Using honey instead of sugar when baking and cooking
Cooking with honey seems like the most natural way to go. After all, honey is super healthy and contains vitamins, minerals and antioxidants. But cooking and baking with honey are a lot harder than you may think.
Table sugar and honey have two different structures.
Honey retains moisture, gets a beautiful brown crust during baking, and imparts unique flavours. Honey is sweeter than sugar, so if the incorrect ratio is used, your baking will be too sweet, have a strange chewy texture, and the cooking time will be different.
Let's explore more on the intricacies of cooking with honey.
Why substitute honey for sugar?
Honey is superior to sugar because it has more vitamins and minerals, is sweeter, and raises blood sugar more slowly. It is unrefined and natural. It also will keep your baked goods moist longer. However, note these things:
- Honey adds moisture that table sugar does not have.
- Honey is much denser (weighs more per cup)
- Honey adds its flavour to the finished product
- Honey adds acid to a recipe,
- And honey can cause baked foods to be brown more quickly.
Baking with honey: Some tips
Loosen it up. Raw honey crystallizes, and that's a good thing. But measurements matter to bakers, and all those tasty lumps and crystals can be... confusing. So the first step? Loosen it up. The tried and true method is to remove the container's lid and warm the container in hot water, stirring every five minutes.
If time gets away from you or you don’t have that kind of patience, the microwave can be your friend. Microwaves and raw honey might not seem like a wise pairing, but don't be afraid to use technology to your advantage. Just take it slow; a mere 10-15 seconds at a time will do. (Stir to check consistency between each zap.)
Oil the cup. Make sure all of your carefully measured honey gets into the recipe with this trick. Just brush or spray the liquid measuring cup with oil before measuring, and the honey will slide out with no problem.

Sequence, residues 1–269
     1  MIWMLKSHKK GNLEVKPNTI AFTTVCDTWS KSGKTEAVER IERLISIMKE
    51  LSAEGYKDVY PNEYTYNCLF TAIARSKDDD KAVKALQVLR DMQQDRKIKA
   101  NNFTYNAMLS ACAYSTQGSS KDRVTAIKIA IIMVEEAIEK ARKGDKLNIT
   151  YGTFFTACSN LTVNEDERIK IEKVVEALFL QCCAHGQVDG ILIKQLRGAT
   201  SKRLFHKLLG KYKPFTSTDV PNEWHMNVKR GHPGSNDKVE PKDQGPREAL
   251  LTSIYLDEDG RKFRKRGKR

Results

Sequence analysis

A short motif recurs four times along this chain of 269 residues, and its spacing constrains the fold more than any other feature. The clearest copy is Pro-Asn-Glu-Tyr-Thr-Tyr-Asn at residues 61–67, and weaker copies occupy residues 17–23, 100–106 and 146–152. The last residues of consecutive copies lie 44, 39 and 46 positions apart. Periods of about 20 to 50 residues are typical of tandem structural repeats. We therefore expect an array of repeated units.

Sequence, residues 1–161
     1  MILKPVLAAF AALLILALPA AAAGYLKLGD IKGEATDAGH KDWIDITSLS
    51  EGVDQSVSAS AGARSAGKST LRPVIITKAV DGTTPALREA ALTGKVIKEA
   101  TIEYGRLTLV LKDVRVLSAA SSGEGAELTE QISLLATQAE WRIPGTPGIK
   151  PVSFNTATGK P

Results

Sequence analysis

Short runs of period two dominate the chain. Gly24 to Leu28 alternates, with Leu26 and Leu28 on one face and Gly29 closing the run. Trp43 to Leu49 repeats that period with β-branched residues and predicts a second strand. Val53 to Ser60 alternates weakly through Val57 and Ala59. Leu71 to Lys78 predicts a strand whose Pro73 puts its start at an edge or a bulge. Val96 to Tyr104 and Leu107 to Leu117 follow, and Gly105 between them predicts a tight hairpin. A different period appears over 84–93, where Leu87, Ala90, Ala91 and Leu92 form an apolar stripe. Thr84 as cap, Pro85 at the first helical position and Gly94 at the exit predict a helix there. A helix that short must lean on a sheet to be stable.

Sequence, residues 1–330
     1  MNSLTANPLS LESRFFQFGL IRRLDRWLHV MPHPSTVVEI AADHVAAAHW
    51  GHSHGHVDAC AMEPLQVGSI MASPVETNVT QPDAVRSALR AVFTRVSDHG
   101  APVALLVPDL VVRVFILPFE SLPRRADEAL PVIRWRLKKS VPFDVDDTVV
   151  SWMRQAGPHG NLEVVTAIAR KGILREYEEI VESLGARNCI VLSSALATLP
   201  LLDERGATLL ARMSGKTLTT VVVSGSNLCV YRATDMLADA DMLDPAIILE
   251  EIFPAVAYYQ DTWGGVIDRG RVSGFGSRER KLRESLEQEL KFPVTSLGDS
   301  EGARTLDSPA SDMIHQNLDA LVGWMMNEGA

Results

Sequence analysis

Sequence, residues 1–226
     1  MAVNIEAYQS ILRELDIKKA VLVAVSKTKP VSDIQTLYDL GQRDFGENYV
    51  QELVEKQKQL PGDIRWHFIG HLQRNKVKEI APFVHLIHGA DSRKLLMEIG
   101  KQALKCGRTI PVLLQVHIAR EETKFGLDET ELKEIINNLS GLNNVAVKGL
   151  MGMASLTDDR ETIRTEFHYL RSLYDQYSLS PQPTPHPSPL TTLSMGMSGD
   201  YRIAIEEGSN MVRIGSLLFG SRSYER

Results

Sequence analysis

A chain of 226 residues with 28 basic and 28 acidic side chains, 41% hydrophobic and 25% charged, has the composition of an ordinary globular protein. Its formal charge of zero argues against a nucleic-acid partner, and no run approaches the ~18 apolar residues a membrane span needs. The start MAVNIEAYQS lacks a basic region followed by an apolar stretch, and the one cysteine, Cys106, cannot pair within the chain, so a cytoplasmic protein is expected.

Balance your liquid and dry ingredients. Baking is a balancing act. When substituting honey in recipes calling for 1 cup or more of sugar, reduce the other liquids by ¼ cup for every 1 cup of honey. In cookie recipes using eggs, or in recipes with no other liquids, increase the flour by two tablespoons for each cup of honey.
You can use a one-to-one substitution of honey for sugar in most yeast breads, muffins, pancakes and waffles.
Add baking soda. Add ½ teaspoon baking soda for every 1 cup of honey used. (For the chemistry-inclined, this reduces the acidity of the honey, which averages 3.9 on the pH scale.)
Watch the sweetness. Because of its high fructose content, honey is sweeter than sugar. If a one-to-one substitution makes the finished product too sweet, reduce the amount of honey, using ½ to ¾ as much honey as white sugar in the recipe.
Take it low and slow. Go low. For recipes not designed for honey as an ingredient, reduce the oven temperature by 25ºF to avoid over-browning.
Go slow. In some recipes, granulated sugar may play a critical role (creaming, holding air in a batter). If you suspect this is the case, substitute only half the sugar for honey in the first batch, then adjust as needed.
If you’re ready to start baking with honey, here are two recipes to flex your muscles courtesy of allrecipes.com. They have an extensive collection of dishes that contain honey, and two of our favourites are Honey Wheat Bread and Honey Ribs. We think you should definitely try them.
Where to buy honey in Canada?
Are you looking to buy honey in Canada? Look no further! Here at OneRoot, we strive to provide the best-tasting, cleanest products to you and your loved ones. We also strive to provide the best care for our planet and all its beings.
Shop OneRoot for your premium organic honey.